There is quite a bit of truth in that statement. Jesus is in a dispute with the Jews who have accused Him of breaking the Sabbath by healing a man on that day, and by making Himself equal with the Father, which was blasphemous. Jesus doesn’t deny that He healed on the Sabbath. He also doesn’t deny that He is equal with the Father. In fact, He confirms both by saying that He does what the Father directs Him to do with perfect obedience to the Father. For this reason, He is given authority to judge all mankind and give eternal life to those who believe in His word. He has a right to heal on the Sabbath and claim equality with the Father. While the Jews recognized these two realities, they failed to understand them correctly.

To believe these truths about Christ take a converted heart. In other words, we must be born-again in order to believe in Christ for salvation. All the morality in the world cannot bring this about. In fact, morality itself is a hindrance to the gospel because when we obey the moral codes of whatever society in which we live, we are under the illusion that we do not need the gospel, or conversion, or salvation. Morality actually hinders us in seeing our need for Christ. It makes us believe that we are OK in the culture in which we live and therefore, we are OK with God.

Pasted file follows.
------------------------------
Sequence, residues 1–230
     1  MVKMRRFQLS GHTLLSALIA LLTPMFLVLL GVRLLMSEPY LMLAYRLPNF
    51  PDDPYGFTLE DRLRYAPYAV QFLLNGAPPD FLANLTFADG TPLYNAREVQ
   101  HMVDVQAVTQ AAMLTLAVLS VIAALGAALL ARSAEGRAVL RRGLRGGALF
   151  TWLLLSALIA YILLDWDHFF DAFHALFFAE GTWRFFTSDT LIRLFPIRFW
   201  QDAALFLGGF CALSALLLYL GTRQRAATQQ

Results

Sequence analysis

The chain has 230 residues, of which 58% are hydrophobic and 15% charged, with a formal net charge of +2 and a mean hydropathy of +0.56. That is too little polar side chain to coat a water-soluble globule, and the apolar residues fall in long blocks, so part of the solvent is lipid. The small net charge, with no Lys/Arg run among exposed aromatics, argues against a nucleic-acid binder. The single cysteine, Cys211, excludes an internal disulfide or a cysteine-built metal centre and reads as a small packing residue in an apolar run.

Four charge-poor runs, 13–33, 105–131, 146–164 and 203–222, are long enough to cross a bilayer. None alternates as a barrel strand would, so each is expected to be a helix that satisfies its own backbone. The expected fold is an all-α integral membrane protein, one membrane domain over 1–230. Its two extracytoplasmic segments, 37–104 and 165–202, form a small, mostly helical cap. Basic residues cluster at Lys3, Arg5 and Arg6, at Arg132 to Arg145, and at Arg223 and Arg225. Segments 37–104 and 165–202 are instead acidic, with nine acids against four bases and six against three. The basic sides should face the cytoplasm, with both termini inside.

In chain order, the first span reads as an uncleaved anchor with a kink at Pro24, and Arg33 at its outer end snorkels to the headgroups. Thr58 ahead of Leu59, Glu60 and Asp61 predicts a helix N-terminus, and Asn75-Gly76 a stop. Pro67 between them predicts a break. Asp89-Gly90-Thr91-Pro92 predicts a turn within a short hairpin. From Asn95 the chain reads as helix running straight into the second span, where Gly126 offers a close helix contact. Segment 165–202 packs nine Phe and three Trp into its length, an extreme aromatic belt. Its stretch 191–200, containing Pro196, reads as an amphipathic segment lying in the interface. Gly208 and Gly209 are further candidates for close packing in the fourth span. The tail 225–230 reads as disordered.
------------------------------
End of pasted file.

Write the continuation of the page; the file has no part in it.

We are not OK with God. We all stand condemned as sinners and if we do not believe in Jesus Christ for salvation, we will remain condemned for all of eternity (read John 5:24-30). This is why it is so important that pastors do not preach moralism, but preach Christ crucified. To preach moralism hinders the gospel, and weakens the church. Preaching moralism makes those inside the church think they can do it on their own. But we cannot. We cannot save ourselves. We cannot convert ourselves. We cannot make ourselves morally clean before the Father. We cannot cause ourselves to grow spiritually. We cannot do anything for ourselves.

Only Christ can save us. He is the giver of life. He is the One that we look to be cleaned up and changed. Moralism cannot do this, only Christ alone. This is why the church cannot be a place for moral conformity. It must be a place of humility where we see our true moral bankruptcy, which leads us back to Christ, time and time again. We may be moral in the end, but that is not the goal. The goal is the gospel and the gospel doesn’t need our moral conformity.

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3 thoughts on “Moral Conformity?

  1. Stan

    “having the perfect job, with a beautiful wife, and 2.5 children, a BMW, a timeshare in the Rockies and one down in Destin, Florida, along with plenty of stocks and bonds for retirement along with a bunch of gold in the closet, and plenty of guns and ammo in preparation for armageddon. That is not the perfect life I’m referring to.”

    Wait … wait … you’re saying that is NOT the perfect life? And after all the trouble I went to to get that 2.5 children? Come on, Tim!